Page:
LAST SUMMER AT SUMMERLAND by Dana Fang • Cleaver Magazine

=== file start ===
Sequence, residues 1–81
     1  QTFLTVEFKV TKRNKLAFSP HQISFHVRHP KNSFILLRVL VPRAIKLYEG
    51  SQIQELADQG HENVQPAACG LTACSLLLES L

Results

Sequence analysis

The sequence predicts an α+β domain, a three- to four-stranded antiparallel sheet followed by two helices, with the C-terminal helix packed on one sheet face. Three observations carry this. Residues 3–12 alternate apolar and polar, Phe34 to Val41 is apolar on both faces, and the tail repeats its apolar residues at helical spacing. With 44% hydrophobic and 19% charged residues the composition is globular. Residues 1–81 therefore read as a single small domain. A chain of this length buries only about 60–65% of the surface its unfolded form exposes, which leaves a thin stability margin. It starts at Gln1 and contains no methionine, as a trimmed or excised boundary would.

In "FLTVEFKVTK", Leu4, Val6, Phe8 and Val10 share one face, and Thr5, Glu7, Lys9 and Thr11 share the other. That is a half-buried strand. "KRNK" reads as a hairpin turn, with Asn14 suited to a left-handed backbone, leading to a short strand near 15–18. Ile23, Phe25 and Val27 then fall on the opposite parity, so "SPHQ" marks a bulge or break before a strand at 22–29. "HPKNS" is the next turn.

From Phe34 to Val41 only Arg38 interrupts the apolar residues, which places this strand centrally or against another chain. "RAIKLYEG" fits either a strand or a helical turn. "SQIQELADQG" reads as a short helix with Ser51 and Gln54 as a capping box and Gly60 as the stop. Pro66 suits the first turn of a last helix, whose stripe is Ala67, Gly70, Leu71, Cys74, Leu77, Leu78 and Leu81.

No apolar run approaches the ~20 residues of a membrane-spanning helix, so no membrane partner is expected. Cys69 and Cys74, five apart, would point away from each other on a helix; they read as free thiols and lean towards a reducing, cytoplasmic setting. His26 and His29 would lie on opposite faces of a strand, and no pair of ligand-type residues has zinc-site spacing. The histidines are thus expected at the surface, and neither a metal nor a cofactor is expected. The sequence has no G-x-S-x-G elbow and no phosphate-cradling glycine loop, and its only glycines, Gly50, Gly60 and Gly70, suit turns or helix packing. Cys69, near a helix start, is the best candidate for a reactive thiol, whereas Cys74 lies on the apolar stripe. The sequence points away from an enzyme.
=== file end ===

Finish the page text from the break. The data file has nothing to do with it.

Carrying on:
LAST SUMMER AT SUMMERLAND by Dana Fang I When she trimmed the holly, when she trellised each lilac, her knuckles were starchy blue, her skin luminescent as if she had been torched with apricot light. At last, for a handful of hours each week, she burnt, and my heart outbid all else for her attention. To be her shelf and shovel, her shear and sled for just a little while; to ache an ache that justified the rest of her calculations— is how her garden grew. II The garden is built like the guts of a palace evergreen and glistening the way any beautiful thing glistens ripe with being beautiful The garden is the inner sanctum of a dream pink like peach flesh lush with sewer cap lilies and a little lake to litter with wishes There is nothing of the World in this world On the … chop! chop! read more!
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